The United Nations Development Program (UNDP) contends that unsustainable patterns of energy production and consumption pose a threat to human health and quality of life. They also adversely affect ecosystems and contribute to climate change. Climate change has devastating consequences, such as rising sea levels that threaten to displace millions of people, and weather events becoming more severe and frequent.
“Sustainable energy, however, not only tackles these challenges head on, but is also an engine for poverty reduction, social progress, equity, enhanced resilience, economic growth, and environmental sustainability,” UNDP says on its web site.
The agency is working to increase the global share of renewable energy use, saying that heavy reliance on fossil fuels, as well on coal-fired power plants that are inefficient and outdated, is one of the reasons explaining the energy sector’s high contribution to global greenhouse emissions. There is a lot to gain from making more use of renewables — and less of fossil fuels.
According to a 2016 report by the International Renewable Energy Agency (IRENA), an intergovernmental organization advocating the adoption of renewable energy sources, accelerating the deployment of those sources will do the following things: fuel economic growth, create new employment opportunities, enhance human welfare, and contribute to a climate-safe future.
“Doubling the share of renewables in the global energy mix by 2030 would increase global GDP by up to 1.1% or $1.3 trillion,” the report said, adding that increased investment in renewable energy development is what driving most of the positive impacts on GDP.
The report also estimated that up to 24.4 million direct and indirect jobs will be generated by 2030. “Renewable energy jobs will grow across all technologies, with a high concentration in the same technologies that account for a majority of the employment today, namely bioenergy, hydropower and solar,” it said. Most of these jobs will come from fuel supply, installations and equipment manufacturing.
Renewables will also benefit human well-being, with the IRENA report saying that doubling their share in by 2030 will help increase global welfare by 2.7%. “If achieved through higher electrification of heat and transport, global welfare would further rise by 3.7%,” the report added.
These benefits, however, are dependent on a number of enabling factors. Among the factors that the IRENA report mentioned are a diversified economy and a sufficient market capacity to absorb the opportunities for job creation, including the training and education needed to foster a skilled and versatile work force. “Economic growth also depends critically on an increase in investments in renewable energy deployment without reducing investment in other economic sectors,” the report said.
UNDP believes that energy efficiency is a key to the transformation of energy systems. It cited the World Energy Outlook 2015, which described energy efficiency as playing a critical role in limiting world energy demand growth to one-third by 2040, while the global economy grows by 150%.
“Energy efficiency can, for example, help to reduce energy expenditure and bring down the per-unit cost of lighting, heating, refrigeration and other services. It can also help reduce pollution and greenhouse gas emissions,” UNDP says.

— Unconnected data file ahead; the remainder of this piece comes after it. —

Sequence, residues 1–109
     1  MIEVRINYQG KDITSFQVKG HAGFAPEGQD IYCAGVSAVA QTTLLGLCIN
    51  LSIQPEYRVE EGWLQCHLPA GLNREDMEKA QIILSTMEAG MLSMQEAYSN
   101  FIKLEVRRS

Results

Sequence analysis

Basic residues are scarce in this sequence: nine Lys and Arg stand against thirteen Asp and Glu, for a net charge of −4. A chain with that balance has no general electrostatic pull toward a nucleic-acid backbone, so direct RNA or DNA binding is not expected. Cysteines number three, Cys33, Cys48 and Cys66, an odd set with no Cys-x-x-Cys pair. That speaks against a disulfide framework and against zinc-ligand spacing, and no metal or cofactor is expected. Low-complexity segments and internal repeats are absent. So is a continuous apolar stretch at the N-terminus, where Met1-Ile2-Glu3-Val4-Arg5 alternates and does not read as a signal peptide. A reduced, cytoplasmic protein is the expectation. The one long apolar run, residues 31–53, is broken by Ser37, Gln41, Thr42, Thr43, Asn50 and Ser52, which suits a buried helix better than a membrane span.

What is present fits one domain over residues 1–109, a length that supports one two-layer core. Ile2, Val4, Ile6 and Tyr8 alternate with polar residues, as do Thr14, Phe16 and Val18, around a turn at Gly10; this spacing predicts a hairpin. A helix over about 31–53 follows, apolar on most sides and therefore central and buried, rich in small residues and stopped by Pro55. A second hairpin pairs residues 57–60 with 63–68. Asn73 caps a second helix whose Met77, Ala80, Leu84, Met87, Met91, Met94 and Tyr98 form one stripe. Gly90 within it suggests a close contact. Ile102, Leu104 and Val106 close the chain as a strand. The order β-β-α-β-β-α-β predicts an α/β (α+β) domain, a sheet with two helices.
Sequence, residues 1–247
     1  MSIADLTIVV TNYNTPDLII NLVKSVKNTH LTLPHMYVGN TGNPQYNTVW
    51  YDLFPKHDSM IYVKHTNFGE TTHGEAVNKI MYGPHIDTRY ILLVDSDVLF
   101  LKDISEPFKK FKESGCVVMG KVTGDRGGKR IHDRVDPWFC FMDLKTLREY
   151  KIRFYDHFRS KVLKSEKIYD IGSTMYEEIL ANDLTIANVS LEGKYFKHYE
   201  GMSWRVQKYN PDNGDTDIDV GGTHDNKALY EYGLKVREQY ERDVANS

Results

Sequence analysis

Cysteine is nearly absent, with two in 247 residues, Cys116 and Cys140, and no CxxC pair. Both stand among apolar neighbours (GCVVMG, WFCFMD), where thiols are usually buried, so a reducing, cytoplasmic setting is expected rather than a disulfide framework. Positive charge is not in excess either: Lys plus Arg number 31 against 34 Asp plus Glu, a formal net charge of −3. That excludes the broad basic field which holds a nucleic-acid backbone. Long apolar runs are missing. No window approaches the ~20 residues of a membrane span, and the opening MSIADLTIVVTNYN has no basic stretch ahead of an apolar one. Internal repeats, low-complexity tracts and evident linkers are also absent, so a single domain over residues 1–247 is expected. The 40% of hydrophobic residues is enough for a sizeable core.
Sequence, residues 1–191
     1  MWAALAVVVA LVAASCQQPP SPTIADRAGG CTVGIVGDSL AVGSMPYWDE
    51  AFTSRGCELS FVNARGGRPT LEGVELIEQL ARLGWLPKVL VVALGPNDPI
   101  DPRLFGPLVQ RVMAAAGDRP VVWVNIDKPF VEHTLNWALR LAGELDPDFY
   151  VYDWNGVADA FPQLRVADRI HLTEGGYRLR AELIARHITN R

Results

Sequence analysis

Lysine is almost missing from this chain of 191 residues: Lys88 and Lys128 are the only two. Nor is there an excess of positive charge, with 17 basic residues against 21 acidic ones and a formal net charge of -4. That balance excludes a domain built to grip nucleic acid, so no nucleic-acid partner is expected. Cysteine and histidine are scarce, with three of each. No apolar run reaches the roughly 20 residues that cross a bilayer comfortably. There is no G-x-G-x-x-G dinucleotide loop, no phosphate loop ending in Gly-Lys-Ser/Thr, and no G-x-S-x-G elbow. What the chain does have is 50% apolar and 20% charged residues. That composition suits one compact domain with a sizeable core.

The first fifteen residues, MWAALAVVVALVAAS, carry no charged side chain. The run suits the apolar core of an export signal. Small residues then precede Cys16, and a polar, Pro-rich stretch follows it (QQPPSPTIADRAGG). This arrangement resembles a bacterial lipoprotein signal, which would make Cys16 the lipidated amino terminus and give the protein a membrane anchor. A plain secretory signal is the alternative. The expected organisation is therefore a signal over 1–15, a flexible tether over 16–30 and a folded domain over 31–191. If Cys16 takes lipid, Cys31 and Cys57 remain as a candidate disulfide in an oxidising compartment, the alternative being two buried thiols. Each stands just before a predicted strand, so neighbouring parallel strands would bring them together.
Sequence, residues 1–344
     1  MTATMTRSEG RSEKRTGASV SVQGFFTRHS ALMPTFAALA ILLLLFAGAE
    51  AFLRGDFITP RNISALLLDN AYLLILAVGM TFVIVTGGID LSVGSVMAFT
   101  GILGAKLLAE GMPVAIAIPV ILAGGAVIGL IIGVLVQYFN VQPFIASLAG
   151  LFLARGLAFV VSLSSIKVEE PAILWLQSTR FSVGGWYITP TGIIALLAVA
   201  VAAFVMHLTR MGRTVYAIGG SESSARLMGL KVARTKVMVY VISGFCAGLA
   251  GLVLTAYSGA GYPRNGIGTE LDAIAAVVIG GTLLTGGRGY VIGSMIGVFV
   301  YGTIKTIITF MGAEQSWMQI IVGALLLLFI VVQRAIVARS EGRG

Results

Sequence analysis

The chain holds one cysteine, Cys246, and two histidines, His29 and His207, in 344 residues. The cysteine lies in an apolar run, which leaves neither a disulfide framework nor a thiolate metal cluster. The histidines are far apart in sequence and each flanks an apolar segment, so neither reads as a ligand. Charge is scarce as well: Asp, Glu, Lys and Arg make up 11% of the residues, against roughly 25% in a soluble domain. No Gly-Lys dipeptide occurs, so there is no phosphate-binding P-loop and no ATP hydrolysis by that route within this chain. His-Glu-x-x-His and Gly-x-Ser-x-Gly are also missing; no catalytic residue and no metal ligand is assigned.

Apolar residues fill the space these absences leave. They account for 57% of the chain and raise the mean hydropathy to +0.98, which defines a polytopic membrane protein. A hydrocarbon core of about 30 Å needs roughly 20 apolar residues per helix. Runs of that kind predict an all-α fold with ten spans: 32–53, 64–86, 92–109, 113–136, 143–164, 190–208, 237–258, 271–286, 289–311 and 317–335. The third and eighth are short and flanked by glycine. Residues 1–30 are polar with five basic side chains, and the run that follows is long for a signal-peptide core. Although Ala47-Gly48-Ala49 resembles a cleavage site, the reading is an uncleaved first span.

It further says that energy efficiency offers a unique opportunity to reconcile economic competitiveness with sustainable development, and at the same time, reduces the cost of energy and increases productivity. “Improvements in residential and public sectors, for example, have delivered a wide range of social, environmental and economic benefits, including energy security, job creation, poverty alleviation, improved health, and reduced greenhouse gas emission,” UNDP says.
The International Finance Corp. (IFC), a member of the World Bank Group, noted in a 2012 publication that investment in resource efficiency is important for small and large companies alike. “It helps them strengthen their competitive advantage. Studies have shown that improvements in resource efficiency in energy and water have led to significant cost savings and lower environmental impact,” IFC said.
One example it cited is DuPont, a large American chemical company. The company managed to cut costs by $2 billion in a span of a decade by investing in energy efficient equipment, while reducing its greenhouse gas emissions by 75%.
IFC also said that in that publication that sustainability has become an important factor in business strategies, with both large and mid-sized corporate entities taking a long-term view toward managing environmental and social risks. “Many companies recognize that by addressing environmental and social issues, they can achieve better growth and cost savings, improve their brand and reputation, strengthen stakeholder relations, and boost their bottom line,” IFC said.
It continued: “Strategic integration of sustainability prepares companies to better anticipate and understand long-term trends and the effect of resource use, and to address stakeholder expectations.”
In order to accommodate constraints on natural resources in a way that allows them to make products, services and business models that are innovative, IFC said companies are shaping their business strategies and are capitalizing on local conditions. “This also provides opportunities to bolster their growth, profitability, and add societal value,” the institution said.